He’ll take part in next month’s nationals in Lake Place and then have back surgery. After that, he’ll probably be “finished” luging, but first, “I’ve got to make it eight-time national champion.”
OK, officially, my mind turns to hockey – although I’m sure I’ll be covering some other events the rest of the Olympics, too.
The Wild assigned Cody Almond to Houston after yesterday's game. As for Anton Khudobin, it'll be up to his hip injury, but he's expected to be assigned, too.

Benshoof seventh heading into Sunday; Olympics check-in

Posted by: Michael Russo Updated: February 13, 2010 - 11:47 PM

Good evening from the Whistler media center, where I have a half-hour before I jump on the 10 p.m. bus back to Vancouver media center. Would have made the 9 p.m. bus if not for the bus situation over at the Whistler Sliding Centre, but I digress.

Spent the day up at Blackcomb Mountain, which is spectacular. Very sad being at the Sliding Centre, especially standing next to the spot where Nodar Kumaritashvili lost his life. Flowers lay there now, and if front of that now-padded steel pole was a 12-foot wooden wall over the track to try to keep lugers on there.

You can read my story tomorrow, but the International Luge Federation investigated the accident and concluded that it was driver error, not track safety that cost the Georgian luger his all-too short life. Still, they raised the wall, shaved the ice to keep lugers from drifting high at the 16th turn, padded the poles and shortened the track, having lugers pull the handles off the women's ramp instead of the men's.

It made for a completely different slide -- a much slower one, which affected lugers like White Bear Lake's Tony Benshoof, whom I wrote a feature on in Saturday's paper. He's currently in seventh place, less than a second off the lead, heading into Sunday's 3 p.m. CT third head and 5 p.m. CT fourth heat.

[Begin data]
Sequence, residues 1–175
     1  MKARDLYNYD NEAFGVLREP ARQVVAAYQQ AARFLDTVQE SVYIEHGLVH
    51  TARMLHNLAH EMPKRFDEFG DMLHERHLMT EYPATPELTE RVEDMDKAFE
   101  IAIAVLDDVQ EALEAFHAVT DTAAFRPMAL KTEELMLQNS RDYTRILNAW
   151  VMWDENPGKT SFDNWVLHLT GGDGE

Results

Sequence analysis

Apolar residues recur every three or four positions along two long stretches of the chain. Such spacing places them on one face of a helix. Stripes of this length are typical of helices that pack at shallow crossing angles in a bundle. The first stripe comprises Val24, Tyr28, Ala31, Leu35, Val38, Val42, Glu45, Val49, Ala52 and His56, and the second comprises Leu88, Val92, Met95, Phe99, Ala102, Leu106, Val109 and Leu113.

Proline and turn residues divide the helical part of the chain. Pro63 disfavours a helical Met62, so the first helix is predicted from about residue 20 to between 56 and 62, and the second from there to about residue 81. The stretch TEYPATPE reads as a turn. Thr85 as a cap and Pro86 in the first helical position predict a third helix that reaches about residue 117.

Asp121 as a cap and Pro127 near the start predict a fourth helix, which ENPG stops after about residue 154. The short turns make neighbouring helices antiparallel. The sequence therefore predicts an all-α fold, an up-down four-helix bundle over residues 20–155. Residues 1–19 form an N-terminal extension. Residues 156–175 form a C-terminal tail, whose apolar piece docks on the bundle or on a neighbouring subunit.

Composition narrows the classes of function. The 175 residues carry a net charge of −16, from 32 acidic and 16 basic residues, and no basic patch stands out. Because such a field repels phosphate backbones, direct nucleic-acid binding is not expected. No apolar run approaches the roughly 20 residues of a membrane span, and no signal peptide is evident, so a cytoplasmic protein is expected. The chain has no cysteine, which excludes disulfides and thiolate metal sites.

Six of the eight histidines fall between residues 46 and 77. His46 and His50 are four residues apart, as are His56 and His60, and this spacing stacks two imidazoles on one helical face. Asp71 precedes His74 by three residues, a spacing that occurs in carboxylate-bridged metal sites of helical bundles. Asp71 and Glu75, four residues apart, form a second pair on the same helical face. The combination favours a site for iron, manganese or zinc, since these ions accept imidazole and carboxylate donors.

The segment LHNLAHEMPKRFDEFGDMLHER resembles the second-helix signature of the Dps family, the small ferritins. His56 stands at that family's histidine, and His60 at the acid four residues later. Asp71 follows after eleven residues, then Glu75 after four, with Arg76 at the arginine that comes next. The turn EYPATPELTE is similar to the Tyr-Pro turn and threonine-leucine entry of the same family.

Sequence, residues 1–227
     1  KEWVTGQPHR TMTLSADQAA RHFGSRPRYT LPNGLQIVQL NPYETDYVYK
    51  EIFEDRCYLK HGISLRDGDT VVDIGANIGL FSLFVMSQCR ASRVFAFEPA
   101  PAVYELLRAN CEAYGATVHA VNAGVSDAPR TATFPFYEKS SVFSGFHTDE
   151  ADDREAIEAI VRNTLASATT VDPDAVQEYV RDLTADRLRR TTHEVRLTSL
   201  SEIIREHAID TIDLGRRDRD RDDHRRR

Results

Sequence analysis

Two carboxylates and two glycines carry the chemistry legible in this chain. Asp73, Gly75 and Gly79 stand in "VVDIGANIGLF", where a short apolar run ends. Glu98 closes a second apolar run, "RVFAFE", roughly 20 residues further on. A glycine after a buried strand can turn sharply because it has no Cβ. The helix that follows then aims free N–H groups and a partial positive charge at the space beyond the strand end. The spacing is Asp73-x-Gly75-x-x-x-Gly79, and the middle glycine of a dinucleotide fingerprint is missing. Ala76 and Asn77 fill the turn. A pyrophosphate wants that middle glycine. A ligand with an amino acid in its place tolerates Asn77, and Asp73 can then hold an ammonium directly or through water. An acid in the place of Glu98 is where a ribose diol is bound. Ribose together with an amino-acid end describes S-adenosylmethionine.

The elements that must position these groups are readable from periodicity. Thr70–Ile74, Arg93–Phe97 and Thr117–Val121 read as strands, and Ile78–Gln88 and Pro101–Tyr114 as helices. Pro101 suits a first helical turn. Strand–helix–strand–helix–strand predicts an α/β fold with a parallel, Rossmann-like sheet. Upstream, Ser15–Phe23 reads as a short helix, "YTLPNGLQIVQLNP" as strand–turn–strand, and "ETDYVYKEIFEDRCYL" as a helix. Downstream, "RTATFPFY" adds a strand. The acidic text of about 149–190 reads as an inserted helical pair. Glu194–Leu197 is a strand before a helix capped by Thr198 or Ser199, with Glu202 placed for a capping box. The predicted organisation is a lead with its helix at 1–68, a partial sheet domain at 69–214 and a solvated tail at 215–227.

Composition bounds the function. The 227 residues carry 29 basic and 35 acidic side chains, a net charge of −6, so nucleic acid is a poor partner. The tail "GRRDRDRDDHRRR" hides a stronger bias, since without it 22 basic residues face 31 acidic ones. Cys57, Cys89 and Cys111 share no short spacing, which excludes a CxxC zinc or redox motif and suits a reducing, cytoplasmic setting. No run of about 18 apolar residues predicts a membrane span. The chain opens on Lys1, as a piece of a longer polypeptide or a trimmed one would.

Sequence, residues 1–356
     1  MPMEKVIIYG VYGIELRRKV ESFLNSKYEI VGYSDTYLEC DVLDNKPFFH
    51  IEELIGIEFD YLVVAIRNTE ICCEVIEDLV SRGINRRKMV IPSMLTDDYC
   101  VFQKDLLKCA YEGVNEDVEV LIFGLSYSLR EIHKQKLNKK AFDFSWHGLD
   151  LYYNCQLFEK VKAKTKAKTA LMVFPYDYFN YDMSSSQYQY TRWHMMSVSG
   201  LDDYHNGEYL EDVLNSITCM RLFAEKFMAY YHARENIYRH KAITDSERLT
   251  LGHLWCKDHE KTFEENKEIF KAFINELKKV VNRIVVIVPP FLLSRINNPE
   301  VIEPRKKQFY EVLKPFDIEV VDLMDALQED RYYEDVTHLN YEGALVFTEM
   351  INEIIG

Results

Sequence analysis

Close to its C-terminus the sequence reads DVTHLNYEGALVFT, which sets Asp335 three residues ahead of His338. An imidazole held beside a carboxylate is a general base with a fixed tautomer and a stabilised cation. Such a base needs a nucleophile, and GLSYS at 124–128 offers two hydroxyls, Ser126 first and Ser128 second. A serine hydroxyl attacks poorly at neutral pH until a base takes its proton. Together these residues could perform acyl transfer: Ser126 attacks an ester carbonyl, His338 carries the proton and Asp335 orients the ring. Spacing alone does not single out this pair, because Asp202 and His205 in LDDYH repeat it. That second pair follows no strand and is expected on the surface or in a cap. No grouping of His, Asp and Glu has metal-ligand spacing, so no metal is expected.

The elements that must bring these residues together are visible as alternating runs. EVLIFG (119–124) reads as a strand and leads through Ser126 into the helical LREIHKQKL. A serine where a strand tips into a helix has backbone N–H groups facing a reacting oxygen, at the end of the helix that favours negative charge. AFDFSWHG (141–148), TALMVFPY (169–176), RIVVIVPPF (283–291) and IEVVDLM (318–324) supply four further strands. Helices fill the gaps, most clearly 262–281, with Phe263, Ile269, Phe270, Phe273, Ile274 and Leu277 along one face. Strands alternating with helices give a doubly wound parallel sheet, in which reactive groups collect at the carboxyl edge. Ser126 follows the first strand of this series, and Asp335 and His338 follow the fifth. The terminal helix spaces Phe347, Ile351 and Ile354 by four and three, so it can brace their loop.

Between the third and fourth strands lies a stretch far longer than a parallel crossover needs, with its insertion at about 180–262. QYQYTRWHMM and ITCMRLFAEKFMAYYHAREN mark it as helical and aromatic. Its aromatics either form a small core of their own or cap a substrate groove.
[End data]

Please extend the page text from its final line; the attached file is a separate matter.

Remember, Benshoof felt lugers would hit 100 mph on the old track. Tonight, only four lugers even hit 90, and none were Benshoof.

Doesn't it sound like I know what I'm talking about?

I'll tell ya, it was a gorgeous night out there. I've been in a lot of snow living in Minnesota and traveling to Denver and Western Canada all the time, but tonight was amazing. With pitch blackness in the distance and the stadium lights, the look of the snow was pretty sensational. Kind of therapeutic. Of course, I say this before tomorrow's bronchitis hits.

Benshoof was in good spirits and seemed convinced that after a little video analysis tonight, he can make up time and become the first American ever to medal in men's singles luge. Easier said than done, though.

I'll be back up here Sunday to document what is likely his last two Olympic runs ever. Then, starting Monday, I hit the hockey beat. I hope I can remember the verbiage.

Good night.

Heading to Whistler

Posted by: Michael Russo Updated: February 11, 2010 - 7:50 AM

Good morning back in the Twin Cities.

I am sitting in the right bulkhead seat of a giant charter bus in the pitch blackness of 5 a.m. heading up to Whistler. In the left bulkhead is Star Tribune photojournalist extraordinaire Brian Peterson. Behind us on this 54-seat, 45-foot bus is nobody!!!

Brian and I have the bus to ourselves as we wanted to get a head start up to Whistler, which meant a 3:15 a.m. wakeup call to get to downtown Vancouver from our Richmond hotels. Driving is Ian from England. He currently lives in Prince George, British Columbia. Not only is he driving the bus, but he's giving us a tour. In a few minutes, we'll be driving along an inlet of the Pacific Ocean. "If you go left, next stop Japan. Unless you're a really bad sailor, you might actually hit Hawaii," says Ian.